Ukraine war’s powerful First Amendment lesson

Associated Press

As Americans, we are witnessing the horror that Russia is inflicting on Ukraine with its bloody invasion that is causing massive devastation and death throughout the country. Ironically, the tragic events abroad also can help us gain a greater appreciation for the democratic values that we enjoy at home — values that Ukraine would like to emulate as it struggles to remain a democratic country.

That’s because the proverbial Iron Curtain has been fortified by Vladimir Putin as a barrier against the Russian people. The populace there now is experiencing an unprecedented news and information crackdown by the government, which is shutting off outside news media and social media outlets or causing them to leave the country. As BBC director-general Tim Davie noted in a statement, “This legislation appears to criminalize the process of independent journalism … It leaves us no other option than to temporarily suspend the work of all BBC News journalists within the Russian Federation while we assess the full implications of this unwelcome development.” Russian citizens who have taken to the streets in protest of Putin’s unwarranted siege also face the prospect of long jail sentences.

Taken together, these measures starkly illustrate that government power can be overwhelming when applied to freedom of speech and freedom of the press. 

Our Founding Fathers wisely could foresee the dangers of misapplied government power, thus necessitating constitutional limits that enable free expression and transparency to find out about governmental deeds and misdeeds. The democratic ideals of our nation would not be possible to achieve without these restraints.

When the Bill of Rights was enacted in 1789 and ratified by the states in 1791, it included a First Amendment that prohibited Congress (and in effect, all government legislators and regulators) from restricting freedom of speech and freedom of the press. Aside from some narrow exceptions, such as obscenity and private defamation, the First Amendment has endured and even expanded in recent years through various Supreme Court decisions.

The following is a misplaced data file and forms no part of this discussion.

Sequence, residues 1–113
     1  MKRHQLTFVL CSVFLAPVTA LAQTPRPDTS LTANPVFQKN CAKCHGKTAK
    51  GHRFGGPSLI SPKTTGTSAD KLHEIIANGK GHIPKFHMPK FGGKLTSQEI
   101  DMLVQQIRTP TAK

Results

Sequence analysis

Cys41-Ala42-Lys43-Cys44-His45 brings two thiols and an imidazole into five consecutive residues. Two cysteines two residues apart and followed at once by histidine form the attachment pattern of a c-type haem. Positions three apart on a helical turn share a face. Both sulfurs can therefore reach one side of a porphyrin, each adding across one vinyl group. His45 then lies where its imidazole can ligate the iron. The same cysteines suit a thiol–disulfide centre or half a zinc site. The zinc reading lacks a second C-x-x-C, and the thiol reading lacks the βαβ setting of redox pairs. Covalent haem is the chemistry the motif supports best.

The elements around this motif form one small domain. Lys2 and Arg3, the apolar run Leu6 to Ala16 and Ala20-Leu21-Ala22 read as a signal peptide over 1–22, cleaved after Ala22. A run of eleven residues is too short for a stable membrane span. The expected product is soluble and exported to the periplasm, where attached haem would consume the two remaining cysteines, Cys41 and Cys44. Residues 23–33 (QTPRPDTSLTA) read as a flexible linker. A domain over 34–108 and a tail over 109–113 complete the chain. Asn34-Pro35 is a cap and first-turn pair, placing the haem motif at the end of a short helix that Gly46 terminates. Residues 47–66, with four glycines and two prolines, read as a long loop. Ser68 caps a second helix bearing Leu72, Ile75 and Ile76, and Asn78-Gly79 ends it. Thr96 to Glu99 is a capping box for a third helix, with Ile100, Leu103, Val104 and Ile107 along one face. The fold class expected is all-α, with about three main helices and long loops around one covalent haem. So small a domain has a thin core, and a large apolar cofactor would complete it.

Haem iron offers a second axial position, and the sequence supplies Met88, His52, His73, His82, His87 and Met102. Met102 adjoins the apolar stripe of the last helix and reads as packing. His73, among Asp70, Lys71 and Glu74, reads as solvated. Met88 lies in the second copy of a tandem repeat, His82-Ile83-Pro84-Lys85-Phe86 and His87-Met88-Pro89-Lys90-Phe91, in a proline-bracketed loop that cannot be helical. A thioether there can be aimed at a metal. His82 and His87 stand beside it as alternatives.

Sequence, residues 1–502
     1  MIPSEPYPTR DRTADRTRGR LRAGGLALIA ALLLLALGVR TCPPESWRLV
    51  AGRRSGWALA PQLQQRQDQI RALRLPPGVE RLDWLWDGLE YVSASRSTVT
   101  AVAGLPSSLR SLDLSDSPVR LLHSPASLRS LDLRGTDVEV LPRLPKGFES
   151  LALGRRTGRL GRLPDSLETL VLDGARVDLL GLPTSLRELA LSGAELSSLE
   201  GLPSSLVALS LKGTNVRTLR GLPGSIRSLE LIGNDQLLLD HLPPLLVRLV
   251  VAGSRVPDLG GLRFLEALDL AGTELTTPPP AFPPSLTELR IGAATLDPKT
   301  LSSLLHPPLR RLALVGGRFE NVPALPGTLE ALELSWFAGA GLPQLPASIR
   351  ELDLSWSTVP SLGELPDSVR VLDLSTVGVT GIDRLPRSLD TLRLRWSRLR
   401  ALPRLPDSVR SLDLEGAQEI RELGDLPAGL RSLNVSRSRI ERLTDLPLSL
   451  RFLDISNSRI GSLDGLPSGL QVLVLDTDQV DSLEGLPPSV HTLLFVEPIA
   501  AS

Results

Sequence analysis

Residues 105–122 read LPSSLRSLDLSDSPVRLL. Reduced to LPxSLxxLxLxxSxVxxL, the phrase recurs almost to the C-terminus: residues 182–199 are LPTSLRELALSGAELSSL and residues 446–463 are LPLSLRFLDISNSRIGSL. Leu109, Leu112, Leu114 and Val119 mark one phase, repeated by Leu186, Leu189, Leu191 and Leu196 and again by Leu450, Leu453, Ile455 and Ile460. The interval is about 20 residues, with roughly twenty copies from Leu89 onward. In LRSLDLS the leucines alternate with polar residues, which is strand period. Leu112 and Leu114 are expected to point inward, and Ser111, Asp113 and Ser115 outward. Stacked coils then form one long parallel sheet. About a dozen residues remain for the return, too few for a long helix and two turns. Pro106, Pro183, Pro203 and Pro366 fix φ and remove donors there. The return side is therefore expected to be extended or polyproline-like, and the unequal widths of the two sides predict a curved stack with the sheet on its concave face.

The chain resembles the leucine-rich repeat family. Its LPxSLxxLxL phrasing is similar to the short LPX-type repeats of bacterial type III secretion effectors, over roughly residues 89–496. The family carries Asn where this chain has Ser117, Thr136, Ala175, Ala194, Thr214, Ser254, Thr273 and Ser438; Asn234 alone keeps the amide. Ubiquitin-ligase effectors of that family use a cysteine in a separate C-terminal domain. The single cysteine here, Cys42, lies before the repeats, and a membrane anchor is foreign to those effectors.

The Russian response to the Ukrainian war it initiated should make all of us better understand that the fundamental nature of the First Amendment is to serve as a firewall and heat shield from government speech and press restrictions. 

Putin’s malign news and information measures demonstrate that the wrath of government can wreak as much havoc as an artillery of tanks or a truckload full of grenades.

We should pay close attention to what is happening in Moscow to maintain vigilance in safeguarding the vital stakes of our own freedoms.

Stuart N. Brotman is the Howard Distinguished Endowed Professor of Media Management and Law and Beaman Professor of Journalism and Electronic Media at the University of Tennessee, Knoxville. He served as a fellow at the Woodrow Wilson International Center for Scholars in Washington, D.C. and is the author of the forthcoming book, “The First Amendment Lives On.”

Tags Democracy First Amendment to the United States Constitution Freedom of the press Russia Russian invasion of Ukraine State media Vladimir Putin

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